US Crowds protest on Capitol Hill in support of "Dreamers" legislation

21:33  09 november  2017
21:33  09 november  2017 Source:   CBS News

GOP senators say fate of 'dreamers' must wait for next year

  GOP senators say fate of 'dreamers' must wait for next year President Donald Trump and Republican senators agreed not to deal with a needed fix for young immigrants in must-pass year-end spending legislation, according to some GOP lawmakers who visited the White House on Thursday. Instead, they said, a solution would likely wait until next year for some 800,000 immigrants brought illegally to the United States as children. Those immigrants, known by supporters as Dreamers, are in limbo after Trump announced he was ending temporary deportation protections granted by the Obama administration and giving Congress until March to come up with a fix.

Dreamers were protesting to urge Senate Republicans to support the Deferred Action for Childhood Arrivals (DACA) program. A large crowd of protesters gathered on Capitol Hill on Thursday urging lawmakers to craft legislation to help so-called " Dreamers ," as Congress works to formulate new

The unlawful demonstration inside the Russell building came minutes after a press conference was held outside of the U.S. Capitol building in which interfaith clergy and political leaders from across the nation spoke Other evangelical leaders have voiced their support for a legislative protection of dreamers .

LOS ANGELES, CA - SEPTEMBER 05: Immigrants and supporters march to oppose the President Trump order end to DACA on September 5, 2017 in Los Angeles, United States.: Activists Across US Rally In Support Of DACA © David McNew / Getty Images Activists Across US Rally In Support Of DACA

A large crowd of protesters gathered on Capitol Hill on Thursday urging lawmakers to craft legislation to help so-called "Dreamers," as Congress works to formulate new legislation to provide a permanent fix for the status of young immigrants who came to the country illegally as children, and who have been able to remain in the U.S. as part of the Deferred Action for Childhood Arrivals program.

Senator Brian Schatz, D-Hawaii, tweeted a video of the protests beginning to congregate in an atrium in the Hart Senate office building in D.C. with protesters chanting and standing around a giant sign reading, "Congress we demand a clean Dream Act now!"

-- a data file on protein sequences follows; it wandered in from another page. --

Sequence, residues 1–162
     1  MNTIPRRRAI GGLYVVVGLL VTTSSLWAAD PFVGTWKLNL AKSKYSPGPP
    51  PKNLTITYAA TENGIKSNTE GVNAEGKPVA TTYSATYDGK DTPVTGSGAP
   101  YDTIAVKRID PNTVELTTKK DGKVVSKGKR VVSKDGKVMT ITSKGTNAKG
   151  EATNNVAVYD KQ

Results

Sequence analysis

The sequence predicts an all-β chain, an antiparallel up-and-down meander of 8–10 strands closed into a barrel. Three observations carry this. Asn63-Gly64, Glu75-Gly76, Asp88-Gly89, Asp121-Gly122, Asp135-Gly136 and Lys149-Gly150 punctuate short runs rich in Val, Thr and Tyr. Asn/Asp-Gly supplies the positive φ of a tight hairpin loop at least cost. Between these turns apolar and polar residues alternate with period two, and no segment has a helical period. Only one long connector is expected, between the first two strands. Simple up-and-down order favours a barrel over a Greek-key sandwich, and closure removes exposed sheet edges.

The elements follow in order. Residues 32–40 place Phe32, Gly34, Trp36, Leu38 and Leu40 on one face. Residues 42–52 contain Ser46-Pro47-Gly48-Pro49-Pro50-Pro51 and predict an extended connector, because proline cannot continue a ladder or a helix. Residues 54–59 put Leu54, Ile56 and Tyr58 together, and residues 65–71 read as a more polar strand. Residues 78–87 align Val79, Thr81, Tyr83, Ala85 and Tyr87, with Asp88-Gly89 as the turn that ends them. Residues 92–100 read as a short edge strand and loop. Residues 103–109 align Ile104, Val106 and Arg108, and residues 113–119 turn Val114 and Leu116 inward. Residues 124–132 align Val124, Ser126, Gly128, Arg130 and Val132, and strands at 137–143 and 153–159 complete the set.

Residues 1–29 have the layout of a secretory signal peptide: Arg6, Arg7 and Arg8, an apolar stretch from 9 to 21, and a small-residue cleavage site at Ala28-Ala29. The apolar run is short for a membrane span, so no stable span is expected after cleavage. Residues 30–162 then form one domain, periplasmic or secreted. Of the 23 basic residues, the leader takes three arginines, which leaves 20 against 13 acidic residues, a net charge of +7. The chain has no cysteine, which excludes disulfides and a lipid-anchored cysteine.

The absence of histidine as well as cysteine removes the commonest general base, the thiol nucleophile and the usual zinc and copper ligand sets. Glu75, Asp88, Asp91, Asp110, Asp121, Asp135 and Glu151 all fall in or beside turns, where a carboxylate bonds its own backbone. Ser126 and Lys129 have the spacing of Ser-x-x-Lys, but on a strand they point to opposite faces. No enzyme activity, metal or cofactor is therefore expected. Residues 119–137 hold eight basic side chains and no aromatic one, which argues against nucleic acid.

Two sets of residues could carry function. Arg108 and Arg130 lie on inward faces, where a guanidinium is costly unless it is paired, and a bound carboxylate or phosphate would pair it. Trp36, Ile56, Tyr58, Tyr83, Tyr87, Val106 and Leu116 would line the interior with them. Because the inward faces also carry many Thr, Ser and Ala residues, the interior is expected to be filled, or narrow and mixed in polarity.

GOP leaders say immigration bill coming in 2018

  GOP leaders say immigration bill coming in 2018 Senate Republicans are looking to move an immigration bill to the floor early next year, despite a push by Democrats to pass legislation before the end of 2017.Republicans say there's not enough time to pass a fix for those under the Deferred Action for Childhood Arrivals (DACA) program before year's end, noting that the 2017 calendar is already packed with work on tax reform and President Trump's nominees.

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A second banner unfurled from stories above as porotesters were chanted reading, "Protect immigrant youth and TPS (Temporary Protected Status) families from deportation."

The protests come as Congress is beginning to write legislation to provide legislation to address the problem after President Trump rolled back of the Obama-era DACA program n September

Mr. Trump charged Congress with formulating a new policy within a 6-month window. A group of House Republicans said on Thursday that they are prepared to work to pass new legislation that would assist DACA recipients by the end of the year.

"No bill is going to be perfect, but inaction is just not acceptable," said Rep. Dan Newhouse, R-Washington.

He added, "I can tell you almost every single Republican agrees that it's the responsibility of Congress not the administration to make immigration law."

Feinstein says 2018 could be another 'Year of the Woman' .
Democratic U.S. Sen. Dianne Feinstein of California told party officials Saturday that the sexual harassment allegations that have rocked the federal government and state legislatures across the country could lead to a wave of new female lawmakers not seen in decades. "I predict based on what I see out there that we are going to have another Year of the Woman," Feinstein said, referencing 1992, when she was first elected to Congress with many other women.

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